DoH figures show less than half of hospitals are set to reach a goal for assessing patients’ clot and bleeding risk. A consultant criticised the target, saying many hospitals have 'no hope' of hitting them.
Clinical commissioning groups (CCGs) – formerly GP consortia – will be challenged to hit comparable targets to earn a ‘quality premium’ from April 2013.
This will reward good clinical and financial commissioning. Failure to hit the targets is likely to impact up to 15% of practice income.
GP leaders said the figures showed the quality premium idea is flawed and could financially penalise practices for outcomes outside their control.
GPC chairman Dr Laurence Buckman had previously attacked the quality premium. He said linking GP earnings to their CCG’s financial management would be ‘completely unethical’.
Hospitals were paid an incentive based on the proportion of patients assessed on admission for clot and bleeding risk for one year to June 2011. It was designed to improve detection of venous thromboembolism (VTE).
But new figures show just 49% of 176 acute providers in England reached the 90% screening rate in January to March 2011. Providers must average this rate over the year to receive an incentive payment.
A consultant told attendees at NICE’s annual conference in May how the arduous target had forced hospitals to hire staff and divert resources to hit 'tick box' targets, with no evidence it improved care.
Consultant Sarah Barton of Salford Royal NHS Foundation Trust said many hospitals had 'no hope' of reaching the target in the first year and warned about the effect of more targets in future.
'If we go from one NICE quality standard to 150, how are we going to cope with the burden of measurement and have a common sense approach so we're not financially penalising lots of trusts? Because they can't do the impossible,' she said.
The target was based on a NICE quality standard for VTE. GP commissioners face similarly tough targets as NICE quality standards will also be used to create indicators for a Commissioning Outcomes Framework (COF) that will feed into the quality premium.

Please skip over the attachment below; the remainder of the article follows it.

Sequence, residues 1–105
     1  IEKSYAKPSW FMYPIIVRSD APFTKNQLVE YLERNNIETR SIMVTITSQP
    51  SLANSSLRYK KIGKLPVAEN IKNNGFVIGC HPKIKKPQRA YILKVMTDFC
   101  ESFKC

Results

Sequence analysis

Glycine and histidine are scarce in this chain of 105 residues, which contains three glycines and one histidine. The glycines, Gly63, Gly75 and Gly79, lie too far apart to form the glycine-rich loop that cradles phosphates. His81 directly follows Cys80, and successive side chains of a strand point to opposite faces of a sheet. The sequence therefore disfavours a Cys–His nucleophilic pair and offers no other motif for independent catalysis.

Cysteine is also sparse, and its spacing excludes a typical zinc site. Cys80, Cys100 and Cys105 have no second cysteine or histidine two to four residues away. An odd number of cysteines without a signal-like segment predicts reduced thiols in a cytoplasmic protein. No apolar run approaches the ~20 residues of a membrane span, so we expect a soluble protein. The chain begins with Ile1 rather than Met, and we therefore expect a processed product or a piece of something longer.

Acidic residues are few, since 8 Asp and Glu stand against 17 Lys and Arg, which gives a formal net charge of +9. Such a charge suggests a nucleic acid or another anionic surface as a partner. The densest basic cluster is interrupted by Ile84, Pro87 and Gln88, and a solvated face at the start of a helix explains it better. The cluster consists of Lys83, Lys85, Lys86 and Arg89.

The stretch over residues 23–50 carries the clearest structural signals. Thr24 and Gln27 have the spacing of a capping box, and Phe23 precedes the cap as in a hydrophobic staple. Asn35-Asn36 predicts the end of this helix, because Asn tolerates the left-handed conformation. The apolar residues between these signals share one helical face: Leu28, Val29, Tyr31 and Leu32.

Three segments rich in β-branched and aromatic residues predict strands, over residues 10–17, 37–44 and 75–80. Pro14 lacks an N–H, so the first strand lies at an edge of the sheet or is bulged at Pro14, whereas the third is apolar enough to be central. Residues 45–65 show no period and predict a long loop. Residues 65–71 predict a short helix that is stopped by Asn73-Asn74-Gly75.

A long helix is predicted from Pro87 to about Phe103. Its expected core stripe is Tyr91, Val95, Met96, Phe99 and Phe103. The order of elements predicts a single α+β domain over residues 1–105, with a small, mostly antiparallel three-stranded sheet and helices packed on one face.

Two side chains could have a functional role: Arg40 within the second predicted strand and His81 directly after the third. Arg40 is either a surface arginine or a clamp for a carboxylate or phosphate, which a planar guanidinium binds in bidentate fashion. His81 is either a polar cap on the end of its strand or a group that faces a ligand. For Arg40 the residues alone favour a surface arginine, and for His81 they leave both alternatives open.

GPC deputy chairman Dr Richard Vautrey said: ‘This is one of the reasons why the idea of a quality premium is wrong.
'It will lead to CCGs, and therefore the communities they serve, being financially penalised simply because they have not achieved a target with an arbitrary standard and over which they have little or no control.’
He added that the plans are ‘a recipe for widening health inequalities and making it more, rather than less, likely that we see hospitals and commissioning groups losing the confidence of the patients they serve’.
Just 16 of 162 independent sector providers provided mandatory data to the DoH in the fourth quarter of 2010/11.
In contrast, 160 out of 163 NHS acute trusts handed over the required figures.
A DoH spokesman said: ‘NHS acute trusts have led the way and we expect commissioners to push other providers to report data.’
The DoH plans to report any providers who fail to make mandatory returns to the Care Quality Commission (CQC) from this summer.
The threat echoes concerns that GP practices may be investigated by the CQC for failing to comply with NICE quality standards, as GP reported in May.